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Neighborhood Safe Streets Bill Makes It Easier to Reduce Speed Limits

January 8, 2014 by Paul Sullivan
Category: Traffic Regulation and Enforcement

Neighborhood Safe Streets Bill Makes It Easier to Reduce Speed Limits

Legislation passed in 2013 provides a simplified process for reducing the speed limit on certain city and town streets (but not on county roads).  HB 1045, also known as the Neighborhood Safe Streets Bill, which amends RCW 46.61.415, allows a reduction of the speed limit to 20 m.p.h., without an engineering and traffic investigation, “on a nonarterial highway, or part of a nonarterial highway, that is within a residence district or business district.” Prior to the adoption of this amendment, if a city desired to reduce the speed limit on a residential street, it could only do so if it first conducted an engineering and traffic investigation.

According to the HB 1045 Final Bill Report, such an investigation would consider factors such as the speed of the 85th percentile of drivers on the road, road characteristics, parking practices, pedestrian activity, roadside development and environment, a history of crashes, and other factors.  Obviously, such an investigation could be both costly and time-consuming.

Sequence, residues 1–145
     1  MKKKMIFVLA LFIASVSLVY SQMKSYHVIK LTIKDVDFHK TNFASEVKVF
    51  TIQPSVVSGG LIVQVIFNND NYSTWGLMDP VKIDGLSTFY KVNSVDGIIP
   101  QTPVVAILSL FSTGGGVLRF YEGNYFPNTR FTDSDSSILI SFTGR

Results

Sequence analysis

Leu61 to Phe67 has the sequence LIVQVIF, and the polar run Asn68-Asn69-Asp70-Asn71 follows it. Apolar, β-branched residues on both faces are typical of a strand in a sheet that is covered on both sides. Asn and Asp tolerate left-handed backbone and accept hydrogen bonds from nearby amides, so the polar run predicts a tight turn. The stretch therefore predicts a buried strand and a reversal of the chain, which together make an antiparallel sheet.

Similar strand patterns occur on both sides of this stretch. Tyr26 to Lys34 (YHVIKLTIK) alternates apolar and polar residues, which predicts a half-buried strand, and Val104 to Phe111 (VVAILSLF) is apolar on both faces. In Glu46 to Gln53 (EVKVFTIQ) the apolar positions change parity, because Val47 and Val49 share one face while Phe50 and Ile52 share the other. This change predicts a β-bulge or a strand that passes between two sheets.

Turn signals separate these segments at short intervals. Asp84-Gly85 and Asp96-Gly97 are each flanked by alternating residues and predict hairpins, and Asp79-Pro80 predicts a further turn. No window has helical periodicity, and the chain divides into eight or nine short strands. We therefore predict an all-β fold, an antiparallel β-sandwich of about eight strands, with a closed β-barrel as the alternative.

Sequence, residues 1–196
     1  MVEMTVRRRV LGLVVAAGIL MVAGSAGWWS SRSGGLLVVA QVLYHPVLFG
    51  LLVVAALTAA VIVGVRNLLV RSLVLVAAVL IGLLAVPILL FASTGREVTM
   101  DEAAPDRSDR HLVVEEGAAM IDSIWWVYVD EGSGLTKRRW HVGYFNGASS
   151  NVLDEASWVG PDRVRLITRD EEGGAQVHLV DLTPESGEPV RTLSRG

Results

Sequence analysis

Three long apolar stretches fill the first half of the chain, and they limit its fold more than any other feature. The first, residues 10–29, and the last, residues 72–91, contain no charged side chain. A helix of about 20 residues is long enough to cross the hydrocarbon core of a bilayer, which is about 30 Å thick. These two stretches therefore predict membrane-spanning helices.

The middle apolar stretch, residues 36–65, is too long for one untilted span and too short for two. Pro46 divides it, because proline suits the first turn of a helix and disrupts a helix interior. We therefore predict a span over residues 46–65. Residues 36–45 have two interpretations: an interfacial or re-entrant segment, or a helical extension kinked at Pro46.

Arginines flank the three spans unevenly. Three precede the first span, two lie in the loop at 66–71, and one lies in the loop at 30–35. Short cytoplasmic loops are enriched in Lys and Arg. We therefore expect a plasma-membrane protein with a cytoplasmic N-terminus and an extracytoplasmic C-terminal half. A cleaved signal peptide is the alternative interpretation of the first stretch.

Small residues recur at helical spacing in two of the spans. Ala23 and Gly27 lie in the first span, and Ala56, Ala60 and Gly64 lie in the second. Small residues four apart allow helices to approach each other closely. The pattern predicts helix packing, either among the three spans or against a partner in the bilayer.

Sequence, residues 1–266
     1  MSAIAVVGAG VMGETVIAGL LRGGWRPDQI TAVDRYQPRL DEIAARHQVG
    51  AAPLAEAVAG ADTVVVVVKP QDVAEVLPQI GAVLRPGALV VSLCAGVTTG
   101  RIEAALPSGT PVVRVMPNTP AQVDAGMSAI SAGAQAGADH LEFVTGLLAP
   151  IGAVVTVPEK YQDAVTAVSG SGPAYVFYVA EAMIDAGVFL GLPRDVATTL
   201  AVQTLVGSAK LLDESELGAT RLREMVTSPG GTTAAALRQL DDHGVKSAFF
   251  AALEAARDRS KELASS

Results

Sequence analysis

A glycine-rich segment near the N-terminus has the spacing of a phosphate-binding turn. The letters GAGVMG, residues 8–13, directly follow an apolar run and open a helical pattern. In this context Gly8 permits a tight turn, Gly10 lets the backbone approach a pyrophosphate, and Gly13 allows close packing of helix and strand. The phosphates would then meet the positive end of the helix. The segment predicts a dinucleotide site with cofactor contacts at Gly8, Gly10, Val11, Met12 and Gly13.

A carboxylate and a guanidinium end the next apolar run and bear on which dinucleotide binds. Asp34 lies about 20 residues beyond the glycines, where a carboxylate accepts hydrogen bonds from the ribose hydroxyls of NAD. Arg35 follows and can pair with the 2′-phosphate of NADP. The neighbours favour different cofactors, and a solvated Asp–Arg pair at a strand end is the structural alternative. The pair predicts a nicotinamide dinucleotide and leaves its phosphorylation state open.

Before a city can reduce a speed limit under this new provision, however, it must first “develop procedures” to do so.  (The legislation does not detail what those procedures might be, although, I speculate, they might include a requirement for a recommendation by the city engineer or police department, notice, and an opportunity for those who might be affected to provide comment.)

Any speed limit established under this new provision may be canceled within one year of its establishment, and the previous speed limit reestablished, without an engineering and traffic investigation.

See MRSC resources on Speed Limits and Traffic Calming

 Speed limit at CWU campus in Ellensburg. Courtesy of Potjie.

About Paul Sullivan

Paul has worked with local governments since 1974 and has authored MRSC publications on local elections, ordinances, and general local government operations. He also provides training on the Open Public Meetings Act.



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